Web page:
FOS Increases Complaint Level Predictions as Performance Continues to Improve

by | Apr 4, 2024

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The Financial Ombudsman Service has today published its final plans and budget detailing the next phase of its transformation, whilst confirming the increased caseload it expects in the upcoming financial year.

When consulting on its plans in December last year, the free resolution service estimated it would receive around 181,300 new cases in 2024/25. Following discussion with businesses and consumer groups that figure has since been elevated to 210,000.

The predicted rise is a result of several factors including everyday financial concerns such as unaffordable lending, credit card complaints and fraud and scams. It’s also a result of those motor finance commission cases which are not affected by the Financial Conduct Authority’s review of historical practices coming to the Ombudsman.


The Ombudsman has also made significant strides in the service it offers to both consumers and businesses. It has reduced the time it takes to resolve a case from 4.8 months in 2022/23 to 2.96 months by the last three months of 2023/24. It has also set itself a new target of resolving 90% of cases within six months.

Abby Thomas, Chief Executive and Chief Ombudsman of the Financial Ombudsman Service, said:

“The Financial Ombudsman Service continues to make significant improvements in the service we offer, getting customers decisions more quickly while maintaining the high quality of our work. We will be even more ambitious next year, with plans to resolve complaints faster, while also reducing the cost of our service to businesses.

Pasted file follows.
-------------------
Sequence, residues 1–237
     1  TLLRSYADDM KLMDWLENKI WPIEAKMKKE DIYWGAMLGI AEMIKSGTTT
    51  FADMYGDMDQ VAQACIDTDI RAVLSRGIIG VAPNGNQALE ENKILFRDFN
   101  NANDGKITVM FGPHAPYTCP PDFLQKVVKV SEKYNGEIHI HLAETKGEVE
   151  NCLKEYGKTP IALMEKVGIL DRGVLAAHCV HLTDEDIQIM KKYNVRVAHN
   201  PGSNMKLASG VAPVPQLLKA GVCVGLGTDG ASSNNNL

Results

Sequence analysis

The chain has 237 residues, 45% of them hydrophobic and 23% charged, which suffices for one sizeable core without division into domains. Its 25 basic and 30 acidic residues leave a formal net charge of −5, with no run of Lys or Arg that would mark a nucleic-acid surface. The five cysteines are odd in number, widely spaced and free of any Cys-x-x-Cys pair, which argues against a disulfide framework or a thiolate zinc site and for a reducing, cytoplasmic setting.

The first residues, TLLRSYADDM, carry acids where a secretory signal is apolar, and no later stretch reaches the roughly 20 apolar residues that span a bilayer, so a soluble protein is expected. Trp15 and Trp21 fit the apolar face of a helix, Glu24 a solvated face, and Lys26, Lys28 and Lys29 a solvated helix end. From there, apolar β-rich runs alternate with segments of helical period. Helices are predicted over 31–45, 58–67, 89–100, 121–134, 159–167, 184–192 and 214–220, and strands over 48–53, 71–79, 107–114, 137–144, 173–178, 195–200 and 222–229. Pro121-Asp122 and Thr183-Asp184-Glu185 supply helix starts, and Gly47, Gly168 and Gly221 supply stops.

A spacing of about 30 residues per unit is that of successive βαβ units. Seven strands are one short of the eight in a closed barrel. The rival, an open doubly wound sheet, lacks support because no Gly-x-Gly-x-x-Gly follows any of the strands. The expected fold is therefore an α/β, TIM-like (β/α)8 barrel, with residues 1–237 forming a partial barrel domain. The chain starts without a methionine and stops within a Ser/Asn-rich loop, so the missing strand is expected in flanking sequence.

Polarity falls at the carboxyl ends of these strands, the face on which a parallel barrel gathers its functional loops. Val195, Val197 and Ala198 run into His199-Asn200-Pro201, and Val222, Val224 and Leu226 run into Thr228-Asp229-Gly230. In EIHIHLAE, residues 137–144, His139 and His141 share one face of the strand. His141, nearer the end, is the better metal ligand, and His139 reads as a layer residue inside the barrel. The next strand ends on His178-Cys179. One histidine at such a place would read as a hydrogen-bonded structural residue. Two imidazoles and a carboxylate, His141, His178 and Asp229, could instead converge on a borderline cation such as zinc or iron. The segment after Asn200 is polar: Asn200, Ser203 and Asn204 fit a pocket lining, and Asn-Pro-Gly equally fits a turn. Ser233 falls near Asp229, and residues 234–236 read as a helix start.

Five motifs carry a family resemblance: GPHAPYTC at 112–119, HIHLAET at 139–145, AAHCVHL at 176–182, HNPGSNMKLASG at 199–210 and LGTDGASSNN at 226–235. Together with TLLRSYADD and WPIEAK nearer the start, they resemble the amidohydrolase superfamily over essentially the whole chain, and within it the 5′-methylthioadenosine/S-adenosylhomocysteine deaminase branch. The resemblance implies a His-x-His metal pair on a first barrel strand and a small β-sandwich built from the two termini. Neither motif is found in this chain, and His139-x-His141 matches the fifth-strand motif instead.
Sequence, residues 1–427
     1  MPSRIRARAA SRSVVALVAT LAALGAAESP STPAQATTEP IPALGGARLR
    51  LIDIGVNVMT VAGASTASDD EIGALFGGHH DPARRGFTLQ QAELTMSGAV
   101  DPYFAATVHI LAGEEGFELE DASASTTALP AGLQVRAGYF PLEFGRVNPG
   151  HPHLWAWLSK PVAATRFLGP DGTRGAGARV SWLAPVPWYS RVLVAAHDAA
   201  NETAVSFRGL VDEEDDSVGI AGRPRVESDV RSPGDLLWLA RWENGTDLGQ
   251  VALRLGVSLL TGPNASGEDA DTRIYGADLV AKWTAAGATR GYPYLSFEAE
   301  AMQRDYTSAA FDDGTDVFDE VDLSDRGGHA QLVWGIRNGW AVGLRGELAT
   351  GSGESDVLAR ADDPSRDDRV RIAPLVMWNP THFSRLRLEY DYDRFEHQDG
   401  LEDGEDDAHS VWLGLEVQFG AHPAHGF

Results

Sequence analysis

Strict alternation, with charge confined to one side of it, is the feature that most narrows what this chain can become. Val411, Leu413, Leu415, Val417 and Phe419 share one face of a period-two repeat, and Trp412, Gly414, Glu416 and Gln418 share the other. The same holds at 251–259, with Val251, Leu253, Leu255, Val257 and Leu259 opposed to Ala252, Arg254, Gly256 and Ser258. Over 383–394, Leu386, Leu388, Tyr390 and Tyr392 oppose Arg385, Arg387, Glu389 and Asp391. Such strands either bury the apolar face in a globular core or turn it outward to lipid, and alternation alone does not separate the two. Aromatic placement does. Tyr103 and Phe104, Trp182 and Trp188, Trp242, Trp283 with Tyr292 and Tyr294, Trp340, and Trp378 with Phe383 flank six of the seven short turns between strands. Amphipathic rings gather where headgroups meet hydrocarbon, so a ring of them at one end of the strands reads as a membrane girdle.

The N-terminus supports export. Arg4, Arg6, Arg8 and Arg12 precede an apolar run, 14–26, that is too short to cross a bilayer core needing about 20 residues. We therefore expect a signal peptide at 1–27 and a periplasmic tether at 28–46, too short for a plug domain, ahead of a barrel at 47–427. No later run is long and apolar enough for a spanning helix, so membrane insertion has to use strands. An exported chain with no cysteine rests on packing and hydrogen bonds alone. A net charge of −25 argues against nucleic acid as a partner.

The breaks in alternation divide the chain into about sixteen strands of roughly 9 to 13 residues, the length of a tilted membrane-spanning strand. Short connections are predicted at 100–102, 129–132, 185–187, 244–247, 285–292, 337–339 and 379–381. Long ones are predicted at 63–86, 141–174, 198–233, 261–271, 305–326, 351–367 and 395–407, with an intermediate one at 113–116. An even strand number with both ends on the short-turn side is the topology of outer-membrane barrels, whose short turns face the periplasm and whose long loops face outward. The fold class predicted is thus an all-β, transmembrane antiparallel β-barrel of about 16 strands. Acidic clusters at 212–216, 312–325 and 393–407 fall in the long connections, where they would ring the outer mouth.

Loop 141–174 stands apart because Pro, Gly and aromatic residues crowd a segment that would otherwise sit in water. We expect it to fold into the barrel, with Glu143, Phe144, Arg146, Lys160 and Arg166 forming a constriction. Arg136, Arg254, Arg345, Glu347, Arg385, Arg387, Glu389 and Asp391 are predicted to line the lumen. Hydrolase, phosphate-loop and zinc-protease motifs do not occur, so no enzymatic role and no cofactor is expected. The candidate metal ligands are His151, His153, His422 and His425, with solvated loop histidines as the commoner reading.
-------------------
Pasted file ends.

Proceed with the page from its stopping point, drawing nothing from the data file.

“In the year ahead it’s likely that our service will see increasing levels of complaints, with many of those disputes expected to focus on the critical issues that impact people’s everyday lives. This includes perceived unaffordable lending, concerns about car loan agreements, and disputes around fraud and scams.”

The Ombudsman has committed to resolve 17% more cases in the year ahead than in 2023/24, up from 192,500 to 225,000.

This increased workload will be tackled partly by recruiting more case handlers. There is also a commitment to continue investing in the customer and business digital journey, as well as expanding its regional presence in the UK to ensure the Ombudsman is accessible to different communities.


Ms Thomas added: “With uncertainty around casework levels in the year ahead, we’re building a service which is flexible and agile, allowing us to respond to increased demand across any area of our business. 

“Our plans will help ensure that the customer is at the heart of everything we do. We want every person who engages with our service to clearly understand the outcome of their case. Now more than ever it’s crucial that businesses work with us to improve all customers’ experiences of financial services.”

Within today’s plans, the Ombudsman confirms its intention to reduce the cost of its services to industry in 2024/25. The case fee will drop by £100 per case to £650, while the compulsory and voluntary jurisdiction levy costs to businesses will also be reduced. This will result in over an effective £60 million reduction in case fee and levy costs to businesses, once inflation and increases in the number of cases are taken into account.


The Financial Ombudsman previously sought views on the possible exercising of new powers granted in the Financial Services and Markets Act, allowing the organisation to charge claims management companies and other relevant professional representatives.

Following positive feedback on the initial consultation, the Ombudsman intends to consult on further detail in the first quarter of this financial year.

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